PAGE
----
Also in today's EMEA regional roundup: EU roaming charges voted into dustbin of history; bailiffs knock on Vivendi's door; Vodafone creates new UK jobs.
A former Ericsson AB (Nasdaq: ERIC) employee has alleged that, in 1999, the vendor paid 116 million Swedish kronor ($18 million) to a commercial agent, which was then used to bribe Greek officials into signing a contract with the company, reports Reuters. Liss-Olof Nenzell made the allegations on a Swedish radio station, claiming that "politicians, generals and high-ranking state officials" had been on the receiving end of the loot. Ericsson acknowledges that at the time it was using commercial agents, but stresses that it doesn't do so anymore, adding that it has "zero tolerance" of corruption.
The European Parliament has voted to end mobile roaming charges by Christmas 2015. European Commission Vice President Neelie Kroes, who has been driving force behind the proposed legislation, recorded a short video to celebrate the result, which you can see here. The regulation forms part of a wider commitment to creating a single European market for telecom. (See Euronews: 'Single Market' Plan Rolls Into Action.)
Vodafone Group plc (NYSE: VOD) is set to create 1,400 new jobs in the UK through the opening of 150 new high street stores, reports the BBC. Vodafone is still flush with cash after selling its 45% stake in Verizon Wireless for $130 billion last year.
It's not just any old TV -- it's TV 2.0! At least, that's what Swisscom AG (NYSE: SCM) is calling its new TV offering, which employs cloud-based wizardry to offer seven-day replay on over 250 -- count 'em -- channels. Ah, how things have moved on since Bruce mumbled his way through this. Still nurthin' on, though, pretty much.
Light Reading is spending much of this year digging into the details of how automation technology will impact the comms market, but let's take a moment to also look at how automation is set to overturn the current world order by the middle of the century.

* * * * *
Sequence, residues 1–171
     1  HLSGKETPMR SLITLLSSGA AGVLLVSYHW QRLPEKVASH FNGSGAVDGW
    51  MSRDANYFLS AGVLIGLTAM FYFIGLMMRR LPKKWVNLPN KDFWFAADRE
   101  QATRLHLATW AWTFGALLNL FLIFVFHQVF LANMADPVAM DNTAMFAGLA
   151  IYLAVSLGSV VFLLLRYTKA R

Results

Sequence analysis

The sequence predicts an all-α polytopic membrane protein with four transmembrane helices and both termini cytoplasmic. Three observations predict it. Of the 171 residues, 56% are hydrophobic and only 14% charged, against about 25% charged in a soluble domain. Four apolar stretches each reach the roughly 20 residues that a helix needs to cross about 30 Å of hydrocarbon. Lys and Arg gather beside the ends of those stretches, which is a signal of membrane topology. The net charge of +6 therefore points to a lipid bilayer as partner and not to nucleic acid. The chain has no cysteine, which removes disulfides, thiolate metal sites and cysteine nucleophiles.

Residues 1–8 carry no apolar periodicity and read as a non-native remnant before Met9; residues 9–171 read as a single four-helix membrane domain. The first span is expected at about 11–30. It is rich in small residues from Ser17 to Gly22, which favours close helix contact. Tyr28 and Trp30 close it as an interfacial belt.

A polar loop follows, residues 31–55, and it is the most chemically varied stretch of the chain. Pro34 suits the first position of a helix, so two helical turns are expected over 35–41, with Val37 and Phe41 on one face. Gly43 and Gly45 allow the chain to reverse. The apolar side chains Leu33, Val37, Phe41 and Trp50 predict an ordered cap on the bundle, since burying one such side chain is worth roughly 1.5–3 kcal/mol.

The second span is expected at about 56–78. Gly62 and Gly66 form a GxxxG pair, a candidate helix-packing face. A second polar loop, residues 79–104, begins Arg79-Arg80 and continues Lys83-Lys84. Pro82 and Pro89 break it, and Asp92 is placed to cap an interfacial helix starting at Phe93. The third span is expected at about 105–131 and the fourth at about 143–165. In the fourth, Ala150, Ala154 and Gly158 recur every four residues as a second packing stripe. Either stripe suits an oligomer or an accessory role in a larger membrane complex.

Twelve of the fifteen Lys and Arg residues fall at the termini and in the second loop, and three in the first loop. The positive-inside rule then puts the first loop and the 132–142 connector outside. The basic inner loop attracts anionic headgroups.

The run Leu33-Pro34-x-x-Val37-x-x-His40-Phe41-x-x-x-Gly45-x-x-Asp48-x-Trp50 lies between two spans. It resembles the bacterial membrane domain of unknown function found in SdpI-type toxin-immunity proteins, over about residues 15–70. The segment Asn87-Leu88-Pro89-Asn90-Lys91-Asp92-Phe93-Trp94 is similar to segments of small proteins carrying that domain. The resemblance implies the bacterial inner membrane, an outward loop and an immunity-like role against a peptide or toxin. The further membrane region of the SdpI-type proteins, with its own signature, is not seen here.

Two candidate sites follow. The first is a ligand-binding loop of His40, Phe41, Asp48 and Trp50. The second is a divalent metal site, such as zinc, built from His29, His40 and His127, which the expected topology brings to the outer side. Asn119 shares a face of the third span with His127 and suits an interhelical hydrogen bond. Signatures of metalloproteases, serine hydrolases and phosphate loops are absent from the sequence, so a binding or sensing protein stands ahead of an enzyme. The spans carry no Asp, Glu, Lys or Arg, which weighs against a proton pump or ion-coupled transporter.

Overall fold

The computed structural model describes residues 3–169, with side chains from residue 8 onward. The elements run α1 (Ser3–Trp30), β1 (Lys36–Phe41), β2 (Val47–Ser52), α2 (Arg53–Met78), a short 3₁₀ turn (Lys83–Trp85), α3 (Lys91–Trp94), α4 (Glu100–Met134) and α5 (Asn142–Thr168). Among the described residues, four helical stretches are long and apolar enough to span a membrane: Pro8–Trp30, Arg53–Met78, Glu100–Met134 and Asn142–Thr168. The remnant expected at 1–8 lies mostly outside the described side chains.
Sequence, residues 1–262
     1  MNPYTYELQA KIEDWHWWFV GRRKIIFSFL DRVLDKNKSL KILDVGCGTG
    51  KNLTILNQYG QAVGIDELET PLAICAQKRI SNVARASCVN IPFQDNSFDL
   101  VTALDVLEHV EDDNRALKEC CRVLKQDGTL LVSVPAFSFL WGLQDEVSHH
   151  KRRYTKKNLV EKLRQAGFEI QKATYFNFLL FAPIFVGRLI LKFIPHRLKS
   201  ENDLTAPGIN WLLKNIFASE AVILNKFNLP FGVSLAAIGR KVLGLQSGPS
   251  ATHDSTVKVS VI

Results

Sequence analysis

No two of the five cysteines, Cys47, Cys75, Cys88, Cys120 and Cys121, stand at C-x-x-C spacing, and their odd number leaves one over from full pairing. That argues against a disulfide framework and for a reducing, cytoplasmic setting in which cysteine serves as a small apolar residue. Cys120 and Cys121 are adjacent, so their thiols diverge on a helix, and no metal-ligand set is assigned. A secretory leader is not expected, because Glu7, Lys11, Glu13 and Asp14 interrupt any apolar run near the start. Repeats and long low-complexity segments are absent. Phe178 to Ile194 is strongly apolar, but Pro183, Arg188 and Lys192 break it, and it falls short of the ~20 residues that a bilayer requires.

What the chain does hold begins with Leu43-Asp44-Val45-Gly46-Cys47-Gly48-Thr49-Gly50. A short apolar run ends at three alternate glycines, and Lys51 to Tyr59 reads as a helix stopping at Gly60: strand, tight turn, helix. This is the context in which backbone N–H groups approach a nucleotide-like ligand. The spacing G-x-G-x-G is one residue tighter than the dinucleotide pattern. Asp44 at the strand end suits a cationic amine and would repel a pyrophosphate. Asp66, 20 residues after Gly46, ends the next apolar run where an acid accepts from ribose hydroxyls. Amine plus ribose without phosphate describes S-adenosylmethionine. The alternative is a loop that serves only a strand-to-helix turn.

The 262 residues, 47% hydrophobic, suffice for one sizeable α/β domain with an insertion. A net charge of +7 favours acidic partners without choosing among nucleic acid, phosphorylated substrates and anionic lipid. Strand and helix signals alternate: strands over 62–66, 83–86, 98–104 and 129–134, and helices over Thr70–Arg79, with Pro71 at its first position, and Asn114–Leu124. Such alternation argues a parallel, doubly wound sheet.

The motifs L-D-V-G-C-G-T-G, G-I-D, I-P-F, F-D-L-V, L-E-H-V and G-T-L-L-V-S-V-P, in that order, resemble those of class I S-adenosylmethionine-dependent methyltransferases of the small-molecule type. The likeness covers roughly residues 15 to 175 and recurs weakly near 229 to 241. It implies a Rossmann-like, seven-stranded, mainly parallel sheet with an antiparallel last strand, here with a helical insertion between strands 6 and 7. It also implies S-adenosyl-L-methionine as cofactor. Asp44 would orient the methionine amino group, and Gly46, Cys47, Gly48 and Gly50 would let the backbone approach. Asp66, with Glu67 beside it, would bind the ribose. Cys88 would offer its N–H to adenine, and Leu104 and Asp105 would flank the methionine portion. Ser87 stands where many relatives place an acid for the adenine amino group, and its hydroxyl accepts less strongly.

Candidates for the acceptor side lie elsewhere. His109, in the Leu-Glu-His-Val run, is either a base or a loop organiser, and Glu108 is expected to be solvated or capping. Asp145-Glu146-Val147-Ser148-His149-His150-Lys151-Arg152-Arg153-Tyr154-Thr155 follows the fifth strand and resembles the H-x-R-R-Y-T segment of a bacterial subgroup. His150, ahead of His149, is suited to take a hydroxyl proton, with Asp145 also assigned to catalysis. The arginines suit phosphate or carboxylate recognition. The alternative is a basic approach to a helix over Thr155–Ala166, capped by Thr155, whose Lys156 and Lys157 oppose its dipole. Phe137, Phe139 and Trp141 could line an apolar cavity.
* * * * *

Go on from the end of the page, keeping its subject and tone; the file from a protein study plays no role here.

Understanding the full experience of women in technology requires starting at the collegiate level (or sooner) and studying the technologies women are involved with, company cultures they're part of and personal experiences of individuals.
During this WiC radio show, we will talk with Nicole Engelbert, the director of Research & Analysis for Ovum Technology and a 23-year telecom industry veteran, about her experiences and perspectives on women in tech. Engelbert covers infrastructure, applications and industries for Ovum, but she is also involved in the research firm's higher education team and has helped colleges and universities globally leverage technology as a strategy for improving recruitment, retention and graduation performance.
She will share her unique insight into the collegiate level, where women pursuing engineering and STEM-related degrees is dwindling. Engelbert will also reveal new, original Ovum research on the topics of artificial intelligence, the Internet of Things, security and augmented reality, as well as discuss what each of those technologies might mean for women in our field. As always, we'll also leave plenty of time to answer all your questions live on the air and chat board.